|ALICIA’S CPV POST (graduate): So in this conversation regarding Black Lives Matter I'm with my friends, you know, I don't think I'd be so neutral to the all lives matter person. And I would say, okay, all lives matter, but the reality is that tends to be in principle only and not in practice, right? So all lives matter people aren't doing anything, They just say it as a response to Black lives matter when in reality if you believe all lives matter you should be behind Black lives matter. You should be behind Latino lives matters; you should be behind trans lives matter; you should be behind people advocating for their own humanity. But when a non-black person is brutalized, you know, by the cops, it's not all lives matter people showing up. It's Black lives matter because they're doing the work, they're organizing, they're trying to reform our system, and that's how I would address that. To the person who thought it was a hate group, um, I would just ask what is it about the organizational mission, their literature, their manifesto that supports that claim. I feel like you know that can be disproven very easily by just like we're looking at what the organization says about their mission um and then I would support the person was going and I would say you know I would challenge us all to go, there is safety in numbers and that way we get to hear it straight from the people organizing in the local chapter of the you get a firsthand account of what the organization is trying to do and we can continue to further the conversation.|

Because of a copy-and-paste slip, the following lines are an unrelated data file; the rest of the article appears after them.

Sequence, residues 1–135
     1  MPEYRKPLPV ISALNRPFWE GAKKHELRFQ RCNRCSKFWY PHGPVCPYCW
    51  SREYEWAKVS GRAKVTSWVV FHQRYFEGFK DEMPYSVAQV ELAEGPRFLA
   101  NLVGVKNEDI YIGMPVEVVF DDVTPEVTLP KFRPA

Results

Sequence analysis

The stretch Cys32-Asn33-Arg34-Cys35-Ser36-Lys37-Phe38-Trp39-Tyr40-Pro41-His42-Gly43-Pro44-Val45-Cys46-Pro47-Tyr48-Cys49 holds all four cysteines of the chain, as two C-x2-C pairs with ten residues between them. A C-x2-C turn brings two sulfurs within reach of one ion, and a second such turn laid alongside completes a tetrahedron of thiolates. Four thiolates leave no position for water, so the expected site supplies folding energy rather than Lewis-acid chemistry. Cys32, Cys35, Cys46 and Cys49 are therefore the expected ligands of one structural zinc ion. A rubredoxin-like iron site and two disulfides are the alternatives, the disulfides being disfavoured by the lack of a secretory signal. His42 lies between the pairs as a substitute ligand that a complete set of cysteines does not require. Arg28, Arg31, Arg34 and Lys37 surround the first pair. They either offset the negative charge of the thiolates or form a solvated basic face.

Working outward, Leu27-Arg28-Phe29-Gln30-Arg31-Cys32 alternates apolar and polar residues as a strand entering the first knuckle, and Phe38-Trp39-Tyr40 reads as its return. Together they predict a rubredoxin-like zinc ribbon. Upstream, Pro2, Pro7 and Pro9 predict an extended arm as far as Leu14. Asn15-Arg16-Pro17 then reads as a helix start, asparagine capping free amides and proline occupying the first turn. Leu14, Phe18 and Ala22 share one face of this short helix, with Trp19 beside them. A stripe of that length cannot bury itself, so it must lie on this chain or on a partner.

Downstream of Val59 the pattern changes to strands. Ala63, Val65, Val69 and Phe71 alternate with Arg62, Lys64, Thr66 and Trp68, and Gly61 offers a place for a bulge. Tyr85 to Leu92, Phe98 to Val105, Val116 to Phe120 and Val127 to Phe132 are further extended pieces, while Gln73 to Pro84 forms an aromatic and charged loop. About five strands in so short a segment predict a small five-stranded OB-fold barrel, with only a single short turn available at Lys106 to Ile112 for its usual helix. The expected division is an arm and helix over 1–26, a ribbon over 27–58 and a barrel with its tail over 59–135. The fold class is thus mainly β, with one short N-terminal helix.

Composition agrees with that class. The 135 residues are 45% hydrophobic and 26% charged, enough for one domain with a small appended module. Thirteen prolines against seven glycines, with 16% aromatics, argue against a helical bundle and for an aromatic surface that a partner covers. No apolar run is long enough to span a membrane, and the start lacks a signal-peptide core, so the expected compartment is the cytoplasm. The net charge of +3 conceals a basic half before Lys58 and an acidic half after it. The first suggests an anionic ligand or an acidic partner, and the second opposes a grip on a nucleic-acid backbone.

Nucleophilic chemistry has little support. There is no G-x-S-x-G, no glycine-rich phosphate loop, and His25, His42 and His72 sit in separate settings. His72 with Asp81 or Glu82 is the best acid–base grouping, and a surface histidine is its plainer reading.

|FORREST’S COMMENT (undergraduate): Hi there. I appreciate what you said and for taking a side because I feel like most people are more neutral in these discussions myself included and I really like what you said to the all lives matter friend that if all lives matter then there should not be an issue with black lives matter and so I really like what you had to say about that. I'm not sure on how that would help with the tension in the room but they ask for your opinion and you gave your opinion and I think that's good and I certainly appreciate that. I think that it is important to realize that all lives matter people sign that has come out in response to people saying that black lives matter and while it's true that all lives matter, you can't say that without recognizing that black lives matter as well.|
|KAMDYN’S COMMENT (undergraduate): Alicia, I never really thought about it in the way that you just put it and I agree with you one hundred percent. If you are advocating that all lives matter, if you really believe that, then you should be advocating for black lives matter and that lets you know that lives matter and that the LGBTQ community lives matters as well and you have to put that in practice. You can't just say things, I mean you can, but that doesn't really give you any credibility to your point and I think it's so important in the situation that you make that very clear in a respectful way obviously. I've talked about in some of my other responses that it has to be a respectful tone and you have to keep calm.|